Iaquinta is expendable, but he’s also essential if the UFC continues to expect us to surrender so many Saturday evenings without falling asleep before 10 p.m. in service of their schedule. The Zuffa-era UFC's strength was top-to-bottom cards of skilled violence—the main event got you in the door, and the supporting cast gave you your money's worth. The pay-per-view draws of today were plucked straight from the lower ranks of yesterday: Georges St. Pierre was supposed to get chewed up by Karo Parisyan on the prelims of UFC 46 before he became the greatest welterweight in the world, and Conor McGregor debuted on the whatever-the-fuck prelims in Stockholm. There are no PRIDE or Strikeforce champions to sign away anymore. Everything is homegrown.

Paying more to fighters who aren’t stars is an investment, not a loss. If every UFC fighter could live comfortably from fighting alone, they’d get better than they would if they had to check text messages from clients between sparring rounds and rush home to update a Zillow listing for a three-bedroom Cape. Ideally, that focus would mean impressing on fight night, and ideally audiences would remember their names as a consequence. They might not be the type to chat up Jimmy Kimmel and headline pay-per-views, but who knows? You don’t have to be a marketing genius to do magic with a Long Islander named Raging Al who goes Def Leppard on his hotel suite.

It's not the UFC's job to function as a charity, but it's responsible for upholding its reputation as MMA's standard-bearer. Claiming an 18-fight veteran who made $66,000 to show was "super fucking expensive" doesn't fly when its current owners purchased the promotion for north of $4 billion. For what it's worth, if Iaquinta only earned the $52,000 he took home from Saturday night, he'd be a low-income resident of Long Island’s Nassau and Suffolk counties.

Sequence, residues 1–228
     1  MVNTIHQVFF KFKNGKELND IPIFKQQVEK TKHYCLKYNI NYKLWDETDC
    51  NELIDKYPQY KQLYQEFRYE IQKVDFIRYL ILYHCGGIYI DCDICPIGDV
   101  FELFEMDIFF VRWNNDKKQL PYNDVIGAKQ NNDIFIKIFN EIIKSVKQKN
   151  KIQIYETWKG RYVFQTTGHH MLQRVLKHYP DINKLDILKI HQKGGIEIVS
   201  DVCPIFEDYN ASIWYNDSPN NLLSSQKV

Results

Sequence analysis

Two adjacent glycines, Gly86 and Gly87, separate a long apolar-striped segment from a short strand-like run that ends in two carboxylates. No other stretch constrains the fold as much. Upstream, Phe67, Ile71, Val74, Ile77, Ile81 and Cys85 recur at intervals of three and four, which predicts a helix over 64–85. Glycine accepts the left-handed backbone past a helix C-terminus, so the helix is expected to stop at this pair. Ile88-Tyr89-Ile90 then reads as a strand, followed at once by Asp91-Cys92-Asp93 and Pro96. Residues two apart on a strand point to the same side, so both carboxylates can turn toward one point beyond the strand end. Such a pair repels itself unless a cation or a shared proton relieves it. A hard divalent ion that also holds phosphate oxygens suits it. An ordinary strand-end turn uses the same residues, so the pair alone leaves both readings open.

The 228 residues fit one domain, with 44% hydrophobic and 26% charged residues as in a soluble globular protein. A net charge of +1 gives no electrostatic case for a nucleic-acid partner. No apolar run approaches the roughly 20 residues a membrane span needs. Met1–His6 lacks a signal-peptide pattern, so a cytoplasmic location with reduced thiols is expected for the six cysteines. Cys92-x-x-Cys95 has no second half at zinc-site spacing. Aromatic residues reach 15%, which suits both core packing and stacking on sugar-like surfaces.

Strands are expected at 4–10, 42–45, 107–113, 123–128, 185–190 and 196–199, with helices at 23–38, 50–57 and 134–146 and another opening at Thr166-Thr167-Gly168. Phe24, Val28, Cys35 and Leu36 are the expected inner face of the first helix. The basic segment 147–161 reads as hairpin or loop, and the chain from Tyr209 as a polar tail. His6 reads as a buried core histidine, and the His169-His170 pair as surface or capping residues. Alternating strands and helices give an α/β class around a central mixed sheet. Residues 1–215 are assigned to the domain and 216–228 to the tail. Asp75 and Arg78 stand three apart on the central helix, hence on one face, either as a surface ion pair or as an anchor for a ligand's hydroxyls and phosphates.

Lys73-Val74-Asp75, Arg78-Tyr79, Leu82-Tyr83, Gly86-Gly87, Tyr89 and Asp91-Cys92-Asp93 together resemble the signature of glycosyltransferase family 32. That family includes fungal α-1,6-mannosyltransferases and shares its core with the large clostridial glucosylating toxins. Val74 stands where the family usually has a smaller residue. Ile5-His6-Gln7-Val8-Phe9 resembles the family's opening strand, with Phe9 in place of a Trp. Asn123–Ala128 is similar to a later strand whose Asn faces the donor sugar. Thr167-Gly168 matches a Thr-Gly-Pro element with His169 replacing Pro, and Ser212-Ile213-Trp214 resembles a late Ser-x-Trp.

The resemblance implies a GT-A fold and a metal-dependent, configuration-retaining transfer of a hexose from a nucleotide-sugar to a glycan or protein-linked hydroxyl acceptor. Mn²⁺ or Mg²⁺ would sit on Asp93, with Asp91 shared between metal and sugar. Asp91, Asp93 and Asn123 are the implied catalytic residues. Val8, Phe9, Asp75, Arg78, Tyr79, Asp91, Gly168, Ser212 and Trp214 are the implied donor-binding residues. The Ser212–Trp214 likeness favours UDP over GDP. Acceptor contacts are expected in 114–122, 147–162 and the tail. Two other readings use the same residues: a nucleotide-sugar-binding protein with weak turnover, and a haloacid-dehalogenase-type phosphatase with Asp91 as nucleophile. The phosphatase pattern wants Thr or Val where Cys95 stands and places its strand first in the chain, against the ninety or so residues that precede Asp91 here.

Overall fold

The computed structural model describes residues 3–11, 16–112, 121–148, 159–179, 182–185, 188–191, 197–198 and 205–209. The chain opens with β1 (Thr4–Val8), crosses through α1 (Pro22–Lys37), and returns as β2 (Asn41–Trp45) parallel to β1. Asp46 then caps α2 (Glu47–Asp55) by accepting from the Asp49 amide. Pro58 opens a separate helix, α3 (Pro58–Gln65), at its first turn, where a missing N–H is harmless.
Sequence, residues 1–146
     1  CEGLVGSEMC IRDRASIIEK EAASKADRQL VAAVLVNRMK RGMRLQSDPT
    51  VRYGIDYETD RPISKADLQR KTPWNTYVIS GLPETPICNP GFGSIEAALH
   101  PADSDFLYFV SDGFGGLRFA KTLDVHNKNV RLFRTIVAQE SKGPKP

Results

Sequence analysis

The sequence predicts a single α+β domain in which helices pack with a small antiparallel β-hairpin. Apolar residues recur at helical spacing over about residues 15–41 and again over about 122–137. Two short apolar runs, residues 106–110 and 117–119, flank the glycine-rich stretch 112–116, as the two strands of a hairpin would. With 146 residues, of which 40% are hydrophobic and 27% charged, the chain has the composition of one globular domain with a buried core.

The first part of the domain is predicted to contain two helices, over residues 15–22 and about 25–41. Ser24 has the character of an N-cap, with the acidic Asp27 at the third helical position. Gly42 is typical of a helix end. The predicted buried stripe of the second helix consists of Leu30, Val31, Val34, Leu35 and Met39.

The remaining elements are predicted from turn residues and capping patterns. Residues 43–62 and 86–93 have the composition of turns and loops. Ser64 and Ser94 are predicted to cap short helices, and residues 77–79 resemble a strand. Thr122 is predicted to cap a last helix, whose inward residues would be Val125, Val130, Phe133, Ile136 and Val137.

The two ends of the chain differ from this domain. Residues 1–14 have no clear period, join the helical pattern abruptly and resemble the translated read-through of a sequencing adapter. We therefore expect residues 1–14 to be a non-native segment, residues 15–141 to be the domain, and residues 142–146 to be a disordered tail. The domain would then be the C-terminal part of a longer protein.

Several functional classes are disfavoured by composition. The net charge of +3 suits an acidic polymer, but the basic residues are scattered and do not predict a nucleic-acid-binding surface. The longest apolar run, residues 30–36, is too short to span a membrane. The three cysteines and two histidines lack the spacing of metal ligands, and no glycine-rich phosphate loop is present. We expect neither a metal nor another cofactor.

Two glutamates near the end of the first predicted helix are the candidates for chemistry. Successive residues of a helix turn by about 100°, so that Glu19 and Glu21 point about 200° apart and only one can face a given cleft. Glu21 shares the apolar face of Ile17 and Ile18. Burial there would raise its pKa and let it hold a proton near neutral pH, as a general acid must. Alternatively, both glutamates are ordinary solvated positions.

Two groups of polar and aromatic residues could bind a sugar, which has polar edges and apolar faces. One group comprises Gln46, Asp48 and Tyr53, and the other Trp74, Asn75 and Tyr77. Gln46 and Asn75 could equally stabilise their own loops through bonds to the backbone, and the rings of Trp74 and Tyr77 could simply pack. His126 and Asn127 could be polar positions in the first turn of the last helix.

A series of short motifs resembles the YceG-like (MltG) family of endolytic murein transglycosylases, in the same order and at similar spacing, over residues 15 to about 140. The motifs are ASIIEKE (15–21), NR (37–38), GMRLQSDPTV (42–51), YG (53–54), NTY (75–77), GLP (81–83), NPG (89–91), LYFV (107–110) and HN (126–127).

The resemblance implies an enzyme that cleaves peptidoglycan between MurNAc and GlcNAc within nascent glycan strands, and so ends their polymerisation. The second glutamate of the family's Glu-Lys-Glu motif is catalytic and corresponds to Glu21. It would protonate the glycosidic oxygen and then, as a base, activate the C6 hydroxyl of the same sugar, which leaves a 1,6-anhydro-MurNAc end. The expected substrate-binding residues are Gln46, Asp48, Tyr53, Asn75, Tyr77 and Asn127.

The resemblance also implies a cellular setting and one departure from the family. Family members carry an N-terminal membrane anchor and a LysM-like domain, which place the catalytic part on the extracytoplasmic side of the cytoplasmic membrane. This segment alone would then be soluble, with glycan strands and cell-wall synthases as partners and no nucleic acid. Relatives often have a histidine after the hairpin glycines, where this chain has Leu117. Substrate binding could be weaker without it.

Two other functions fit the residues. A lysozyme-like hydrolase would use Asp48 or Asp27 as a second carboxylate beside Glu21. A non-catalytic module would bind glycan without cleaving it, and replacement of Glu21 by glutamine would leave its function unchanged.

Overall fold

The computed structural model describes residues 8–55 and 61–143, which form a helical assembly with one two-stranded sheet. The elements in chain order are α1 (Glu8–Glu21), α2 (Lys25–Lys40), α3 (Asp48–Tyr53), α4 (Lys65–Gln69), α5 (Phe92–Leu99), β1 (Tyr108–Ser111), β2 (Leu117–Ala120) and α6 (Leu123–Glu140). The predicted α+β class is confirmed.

So how much money is enough? That’s a question better answered by the UFC and, ideally, a fighter's association. The way fighters are paid is as much an issue as the numbers on the check: $52,000 broken into a biweekly paycheck offers security that doesn’t exist when you’re expecting the money all at once, and it might be cut in half if you have a bad night, assuming you don’t get hurt and have to pull out ahead of time, and you still have to pay a third of the check in taxes. Performance bonuses are good incentives for spectator-friendly fights, but they only reinforce the unpredictability of a fighter's lifestyle. If a fighter is only worth $10,000—the standard price tag for an anonymous debuting fighter—maybe they shouldn’t be fighting for the UFC (or Bellator, for that matter).

But Iaquinta signed a contract, right? His show and win money from Saturday night weren’t surprises. If he leaves the UFC with a grumble, western Long Island might shed a tear or break an alarm clock and bedside lamp, but the UFC machine will keep chugging. No matter how much you pay, you can't account for the caprice and contempt of a professional fighter, especially one named Raging Al.

But pay is prestige. The bigger problem comes years down the line, when a teenage wrestler who’s thinking about taking jiu-jitsu classes in the off-season and who might be MMA’s next big thing remembers that UFC fighter on a five-fight win streak who became a real estate agent to make ends meet, and he decides to go out for basketball next year.